The above photo shows one of the domes in the Ayasofya-Orhan Mosque, located at the city’s main intersection. Originally constructed in the 6th century by Emperor Justinian as the Aya Sofya Church, the Ecumenical Council of 787 met here. The Ottomans converted the building to a mosque in 1337. Today, the building reveals a unique blend of Christian and Muslim heritage.
This monument on the south edge of town stands to remember the Central Asian ethnic groups that helped the Seljuk Dynasty conquer Īznik in the late 11th century. The Seljuks were a Turkish people heavily influenced by Persian culture. At one time, the Seljuk Dynasty stretched from Turkey’s west coast well into Central Asia. Nicaea returned to Byzantine control in 1097 during the First Crusade.
The Ottoman Empire is the most recent in the long string of empires to control Īznik. Naturally, the most well-preserved buildings in the city are those built during the Ottoman era. The Īznik Museum, above, is housed in the Nilüfer Hatun Imareti, built in 1388 by Murat I. This building originally served as a lodge for a local fraternal society and later was converted into a soup kitchen. Now a museum, the building is undergoing renovation and not open to the public at this time.
Visitors sip tea and window shop in the tile bazaar behind the Murat I Hamam (bathhouse). The hamam is being renovated into a cultural center.
The Süleyman Pasha Madrasah, built in the first half of the 14th century, is one of the first madrasahs (religious schools) in the Ottoman Empire. Today, the madrasah serves as a lovely tea garden and tile bazaar, housing a number of local artisans’ tile workshops.
In the 16th and 17th centuries, Īznik became world-renowned for its handcrafted pottery. Īznik tiles line the interiors and exteriors of many mosques and palaces throughout the Ottoman Empire. At one time, many skilled craftsmen and kilns operated in Īznik. Today, those kilns are in ruins, but Īznik is slowly regaining its name as a place to buy excellent handcrafted pottery and tiles. The beautiful pieces pictured above were for sale in a shop in the Süleyman Pasha Madrasah.
A craftswoman hand paints a piece of tile in her workshop in the Süleyman Pasha Madrasah.
Today, Īznik looks more like a peaceful farm town than it does a glorious ancient city. Layers upon layers of history are contained inside the city’s ruined walls. And even as these layers of history are slowly uncovered, life here goes on as it has for a long, long time.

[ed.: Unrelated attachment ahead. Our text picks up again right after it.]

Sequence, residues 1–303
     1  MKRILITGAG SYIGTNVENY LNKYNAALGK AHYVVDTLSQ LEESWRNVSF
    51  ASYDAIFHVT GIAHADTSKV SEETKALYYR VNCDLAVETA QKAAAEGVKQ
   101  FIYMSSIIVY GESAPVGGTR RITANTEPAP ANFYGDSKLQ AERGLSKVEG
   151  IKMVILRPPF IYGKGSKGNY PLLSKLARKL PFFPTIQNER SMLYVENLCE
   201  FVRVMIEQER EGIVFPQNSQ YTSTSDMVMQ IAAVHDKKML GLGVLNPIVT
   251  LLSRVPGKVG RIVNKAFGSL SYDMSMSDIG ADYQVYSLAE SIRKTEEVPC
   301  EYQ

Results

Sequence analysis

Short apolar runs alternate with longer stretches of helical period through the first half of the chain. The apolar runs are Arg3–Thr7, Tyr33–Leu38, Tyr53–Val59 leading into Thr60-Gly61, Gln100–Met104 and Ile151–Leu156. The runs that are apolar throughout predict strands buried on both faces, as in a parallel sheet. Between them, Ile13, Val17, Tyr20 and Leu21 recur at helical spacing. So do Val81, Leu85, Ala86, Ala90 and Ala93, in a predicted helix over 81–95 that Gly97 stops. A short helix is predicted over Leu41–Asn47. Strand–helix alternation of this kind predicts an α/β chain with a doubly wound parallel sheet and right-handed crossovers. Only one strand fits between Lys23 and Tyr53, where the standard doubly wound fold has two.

Surrounded by hills, Īznik Lake is quite beautiful and a lakeside stroll is well worth the time.
Excavations and renovations continue in Īznik. One fascinating find last year was the sunken foundation of what is believed to be St. Neophytos Church. This site is under water about 20 meters from the shore of Īznik Lake and was discovered during aerial surveys. Likely built in the 4th century, the church and the surrounding landscape probably collapsed in a massive 8th century earthquake. The site is being prepared to serve as an underwater museum.
Notes on visiting Īznik
- Īznik is about an hour east of Bursa’s city center and is accessible by car or bus. Frequent buses and minibuses run from Bursa’s bus terminal to Īznik’s little otogar.
- Once in Īznik, the town is walkable and easy to navigate. An information booth is prominently located at the town’s main intersection near the Ayasofya-Orhan Mosque.
- If you’re going to buy anything on your visit to Bursa, consider a piece of Īznik tile or pottery. The handcrafted tile craft is being revived and some beautiful pieces can be found in shops throughout the town.
- There are a handful of inns and hotels in Īznik if you’d like to stay the night. We’ve had a good experience at Cem Otel, a nice hotel on the west edge of town overlooking the lake.